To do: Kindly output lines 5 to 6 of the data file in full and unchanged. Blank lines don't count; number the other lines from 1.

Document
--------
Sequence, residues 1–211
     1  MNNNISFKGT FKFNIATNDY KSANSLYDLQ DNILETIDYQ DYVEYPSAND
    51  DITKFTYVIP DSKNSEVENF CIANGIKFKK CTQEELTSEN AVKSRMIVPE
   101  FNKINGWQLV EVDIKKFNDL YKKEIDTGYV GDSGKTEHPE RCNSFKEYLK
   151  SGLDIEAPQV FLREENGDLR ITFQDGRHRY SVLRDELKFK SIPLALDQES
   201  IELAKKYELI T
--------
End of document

   151  SGLDIEAPQV FLREENGDLR ITFQDGRHRY SVLRDELKFK SIPLALDQES
   201  IELAKKYELI T